FERGUSON, Mo. — Ferguson police are searching for clues about the killing of a 9-year-old girl who was shot when someone fired into a home where she was doing homework on her mother's bad.
No arrests have been made in Tuesday night's fatal shooting of Jamyla Bolden and police don't yet know if the home was targeted or the shots were random, Ferguson Sgt. Dominica Fuller said Thursday. Jamyla's 34-year-old mother was struck in the leg and treated at a hospital.
"You have a 9-year-old child on her mother's bed doing homework and a bullet strikes her," Fuller said. "Our concern is to get this person off the street."
The shooting happened a couple of blocks from the site where 18-year-old Michael Brown was fatally shot by a police officer on Aug. 9, 2014, sparking sometimes violent protests.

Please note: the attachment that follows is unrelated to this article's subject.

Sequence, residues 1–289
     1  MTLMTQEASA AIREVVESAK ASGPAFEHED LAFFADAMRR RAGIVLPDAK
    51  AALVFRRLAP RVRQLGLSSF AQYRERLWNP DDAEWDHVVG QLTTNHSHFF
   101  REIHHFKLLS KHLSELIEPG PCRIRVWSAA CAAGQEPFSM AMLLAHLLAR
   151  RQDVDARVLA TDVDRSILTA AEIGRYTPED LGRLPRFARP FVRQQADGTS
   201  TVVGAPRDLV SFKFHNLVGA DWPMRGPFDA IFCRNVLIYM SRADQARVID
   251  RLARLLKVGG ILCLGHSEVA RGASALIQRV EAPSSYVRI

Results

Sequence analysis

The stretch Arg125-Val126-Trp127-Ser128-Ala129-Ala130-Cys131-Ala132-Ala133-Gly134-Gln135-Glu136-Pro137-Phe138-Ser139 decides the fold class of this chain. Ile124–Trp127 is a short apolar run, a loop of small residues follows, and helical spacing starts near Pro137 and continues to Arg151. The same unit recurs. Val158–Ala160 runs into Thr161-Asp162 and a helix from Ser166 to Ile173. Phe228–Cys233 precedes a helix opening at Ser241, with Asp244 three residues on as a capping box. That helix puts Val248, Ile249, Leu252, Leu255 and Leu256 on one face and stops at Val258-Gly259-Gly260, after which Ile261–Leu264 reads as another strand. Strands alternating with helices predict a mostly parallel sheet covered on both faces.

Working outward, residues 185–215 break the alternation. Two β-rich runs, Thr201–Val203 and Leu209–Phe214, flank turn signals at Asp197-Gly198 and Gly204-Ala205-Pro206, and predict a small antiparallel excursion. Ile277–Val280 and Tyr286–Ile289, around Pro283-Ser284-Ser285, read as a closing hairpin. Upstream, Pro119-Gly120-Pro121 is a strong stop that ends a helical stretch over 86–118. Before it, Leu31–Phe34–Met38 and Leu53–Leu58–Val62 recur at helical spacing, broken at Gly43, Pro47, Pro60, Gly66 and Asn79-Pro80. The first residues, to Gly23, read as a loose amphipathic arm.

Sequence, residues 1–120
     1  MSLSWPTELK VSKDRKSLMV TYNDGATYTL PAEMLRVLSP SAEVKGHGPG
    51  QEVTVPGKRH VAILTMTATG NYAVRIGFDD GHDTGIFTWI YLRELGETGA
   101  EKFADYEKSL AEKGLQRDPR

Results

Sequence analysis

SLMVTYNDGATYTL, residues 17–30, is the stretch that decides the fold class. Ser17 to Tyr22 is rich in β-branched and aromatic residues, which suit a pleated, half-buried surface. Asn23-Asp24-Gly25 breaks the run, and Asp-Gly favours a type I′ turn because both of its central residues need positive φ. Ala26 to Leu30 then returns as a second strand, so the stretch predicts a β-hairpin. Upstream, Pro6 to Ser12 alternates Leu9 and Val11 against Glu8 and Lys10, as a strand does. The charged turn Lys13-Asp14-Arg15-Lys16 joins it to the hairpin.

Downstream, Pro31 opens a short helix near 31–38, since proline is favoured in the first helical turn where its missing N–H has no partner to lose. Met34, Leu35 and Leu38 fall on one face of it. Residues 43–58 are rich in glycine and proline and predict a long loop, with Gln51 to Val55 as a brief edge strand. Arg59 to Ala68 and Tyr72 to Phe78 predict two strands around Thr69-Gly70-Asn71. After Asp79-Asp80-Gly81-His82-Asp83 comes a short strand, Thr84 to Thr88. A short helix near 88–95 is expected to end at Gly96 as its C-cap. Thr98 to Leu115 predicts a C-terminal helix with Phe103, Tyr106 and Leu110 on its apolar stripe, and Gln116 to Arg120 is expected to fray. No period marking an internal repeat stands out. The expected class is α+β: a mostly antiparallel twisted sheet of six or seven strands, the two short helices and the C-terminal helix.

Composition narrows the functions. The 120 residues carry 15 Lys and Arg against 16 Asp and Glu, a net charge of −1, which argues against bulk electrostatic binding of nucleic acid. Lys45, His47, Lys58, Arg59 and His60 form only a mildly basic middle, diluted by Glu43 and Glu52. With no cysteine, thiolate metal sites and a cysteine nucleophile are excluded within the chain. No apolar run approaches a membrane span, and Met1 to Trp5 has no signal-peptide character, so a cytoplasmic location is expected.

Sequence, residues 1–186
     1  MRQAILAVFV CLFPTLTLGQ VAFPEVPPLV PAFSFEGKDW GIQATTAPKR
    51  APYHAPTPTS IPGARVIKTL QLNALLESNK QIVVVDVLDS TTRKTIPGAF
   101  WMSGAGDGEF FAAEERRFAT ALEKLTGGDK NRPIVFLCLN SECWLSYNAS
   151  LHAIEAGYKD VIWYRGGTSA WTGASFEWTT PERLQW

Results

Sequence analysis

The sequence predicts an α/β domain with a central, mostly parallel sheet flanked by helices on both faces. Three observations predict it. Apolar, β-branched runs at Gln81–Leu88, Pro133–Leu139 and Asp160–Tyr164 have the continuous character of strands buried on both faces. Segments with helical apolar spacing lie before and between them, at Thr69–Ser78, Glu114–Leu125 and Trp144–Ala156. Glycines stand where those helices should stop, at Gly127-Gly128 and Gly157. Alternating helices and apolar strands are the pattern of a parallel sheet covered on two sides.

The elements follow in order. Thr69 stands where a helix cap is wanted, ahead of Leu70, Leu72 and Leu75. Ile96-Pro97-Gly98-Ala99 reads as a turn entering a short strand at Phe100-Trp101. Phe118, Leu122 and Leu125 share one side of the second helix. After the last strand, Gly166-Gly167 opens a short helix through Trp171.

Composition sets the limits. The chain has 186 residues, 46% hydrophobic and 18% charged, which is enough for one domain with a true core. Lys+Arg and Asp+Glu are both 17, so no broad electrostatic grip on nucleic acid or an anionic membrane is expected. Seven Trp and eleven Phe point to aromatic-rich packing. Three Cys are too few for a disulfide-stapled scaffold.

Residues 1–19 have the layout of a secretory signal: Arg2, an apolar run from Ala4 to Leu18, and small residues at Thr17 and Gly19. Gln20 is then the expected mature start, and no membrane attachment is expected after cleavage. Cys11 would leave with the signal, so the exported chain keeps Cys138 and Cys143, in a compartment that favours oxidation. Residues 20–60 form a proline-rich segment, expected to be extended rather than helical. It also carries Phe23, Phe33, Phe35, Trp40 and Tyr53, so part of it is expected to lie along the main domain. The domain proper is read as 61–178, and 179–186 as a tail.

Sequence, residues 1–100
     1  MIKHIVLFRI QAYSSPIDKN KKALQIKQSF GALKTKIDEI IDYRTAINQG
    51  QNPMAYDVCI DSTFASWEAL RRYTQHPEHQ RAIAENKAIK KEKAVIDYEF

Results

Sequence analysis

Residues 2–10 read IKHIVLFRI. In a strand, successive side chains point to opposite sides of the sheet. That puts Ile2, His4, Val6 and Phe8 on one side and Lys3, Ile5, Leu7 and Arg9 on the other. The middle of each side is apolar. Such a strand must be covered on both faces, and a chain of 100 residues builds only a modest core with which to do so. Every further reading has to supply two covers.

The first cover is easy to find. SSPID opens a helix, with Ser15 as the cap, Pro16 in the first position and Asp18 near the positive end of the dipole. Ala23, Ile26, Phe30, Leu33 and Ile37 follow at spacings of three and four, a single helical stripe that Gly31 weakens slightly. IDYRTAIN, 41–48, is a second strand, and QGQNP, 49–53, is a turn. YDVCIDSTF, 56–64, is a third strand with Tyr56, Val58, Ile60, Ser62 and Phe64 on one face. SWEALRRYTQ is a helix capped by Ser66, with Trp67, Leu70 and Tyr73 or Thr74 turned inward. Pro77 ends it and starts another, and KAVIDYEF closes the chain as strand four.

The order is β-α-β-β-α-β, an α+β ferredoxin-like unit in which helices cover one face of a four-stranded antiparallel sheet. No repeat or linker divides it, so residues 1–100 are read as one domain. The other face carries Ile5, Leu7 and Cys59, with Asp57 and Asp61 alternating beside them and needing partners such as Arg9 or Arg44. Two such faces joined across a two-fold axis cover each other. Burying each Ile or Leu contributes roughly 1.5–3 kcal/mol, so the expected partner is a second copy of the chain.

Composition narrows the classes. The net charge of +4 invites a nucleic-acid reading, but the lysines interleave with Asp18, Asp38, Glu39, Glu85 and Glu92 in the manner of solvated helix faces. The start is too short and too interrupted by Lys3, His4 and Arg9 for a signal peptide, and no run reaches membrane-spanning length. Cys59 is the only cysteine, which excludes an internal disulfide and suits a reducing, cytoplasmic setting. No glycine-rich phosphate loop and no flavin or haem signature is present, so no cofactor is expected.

Fuller, herself the mother of a 9-year-old, was among the first officers at the home after the shooting, which was reported just after 9:30 p.m. Tuesday. She said police did all they could to help the child, to no avail.
"As a mother I was hurt," she said. "I showed emotion and I cried and said a prayer for her and my heart is still broken."
Police don't know if the shots were fired from a car or from someone standing outside the home. Fuller would offer no details about where the bullets entered or how many were fired, saying she didn't want to hinder the investigation.
The small ranch home sits on a street that intersects with Canfield Drive, where Brown was killed. A house next door to where Jamyla was shot has a sign in the yard that reads, "We Must Stop Killing Each Other." Similar signs have sprung up around St. Louis and northern St. Louis County, known locally as North County, during a year when homicides are on the rise in the region.
"The simple fact is our kids are dying at a young age at a fast pace and we as a community must come together," Fuller said.
Jamyla was a fourth-grader at Koch Elementary School. A school district spokeswoman described her as sweet and soft-spoken.
St. Louis Cardinals president Bill DeWitt III and his wife, Ira, will pay for Jamyla's funeral expenses, a spokesman for the baseball team said.